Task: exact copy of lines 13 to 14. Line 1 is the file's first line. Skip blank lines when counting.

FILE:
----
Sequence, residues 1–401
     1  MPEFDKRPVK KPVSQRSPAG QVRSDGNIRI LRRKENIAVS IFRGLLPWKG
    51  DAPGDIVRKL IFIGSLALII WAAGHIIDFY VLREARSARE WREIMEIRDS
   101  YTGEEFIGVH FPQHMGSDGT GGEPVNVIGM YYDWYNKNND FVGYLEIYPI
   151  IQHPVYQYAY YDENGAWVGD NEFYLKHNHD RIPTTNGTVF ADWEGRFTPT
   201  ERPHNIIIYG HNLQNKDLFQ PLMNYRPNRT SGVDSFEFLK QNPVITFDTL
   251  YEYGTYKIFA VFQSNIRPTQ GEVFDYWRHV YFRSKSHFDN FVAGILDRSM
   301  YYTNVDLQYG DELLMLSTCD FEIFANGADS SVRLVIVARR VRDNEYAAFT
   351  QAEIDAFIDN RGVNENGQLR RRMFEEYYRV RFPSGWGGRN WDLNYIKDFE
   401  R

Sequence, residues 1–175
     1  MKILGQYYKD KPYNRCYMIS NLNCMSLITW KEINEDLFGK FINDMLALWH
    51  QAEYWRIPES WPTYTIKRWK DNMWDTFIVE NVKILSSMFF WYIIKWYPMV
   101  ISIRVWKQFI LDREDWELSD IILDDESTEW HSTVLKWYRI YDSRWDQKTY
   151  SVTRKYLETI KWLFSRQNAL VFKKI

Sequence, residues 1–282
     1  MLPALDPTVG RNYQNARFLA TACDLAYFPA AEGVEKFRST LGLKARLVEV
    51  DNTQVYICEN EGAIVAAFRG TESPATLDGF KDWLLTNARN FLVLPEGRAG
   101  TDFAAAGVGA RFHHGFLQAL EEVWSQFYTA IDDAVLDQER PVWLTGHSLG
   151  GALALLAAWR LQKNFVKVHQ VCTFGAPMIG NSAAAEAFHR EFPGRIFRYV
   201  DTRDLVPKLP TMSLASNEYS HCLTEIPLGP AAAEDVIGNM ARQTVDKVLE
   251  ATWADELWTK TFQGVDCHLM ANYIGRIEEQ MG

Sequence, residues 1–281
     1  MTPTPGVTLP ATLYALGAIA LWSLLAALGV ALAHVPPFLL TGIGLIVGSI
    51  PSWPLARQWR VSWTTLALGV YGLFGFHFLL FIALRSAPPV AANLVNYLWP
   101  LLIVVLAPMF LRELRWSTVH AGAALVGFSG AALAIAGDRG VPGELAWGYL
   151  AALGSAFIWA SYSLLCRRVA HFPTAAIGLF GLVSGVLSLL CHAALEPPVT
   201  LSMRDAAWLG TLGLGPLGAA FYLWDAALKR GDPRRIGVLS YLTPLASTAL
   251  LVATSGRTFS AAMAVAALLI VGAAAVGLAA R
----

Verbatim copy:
    51  QAEYWRIPES WPTYTIKRWK DNMWDTFIVE NVKILSSMFF WYIIKWYPMV
   101  ISIRVWKQFI LDREDWELSD IILDDESTEW HSTVLKWYRI YDSRWDQKTY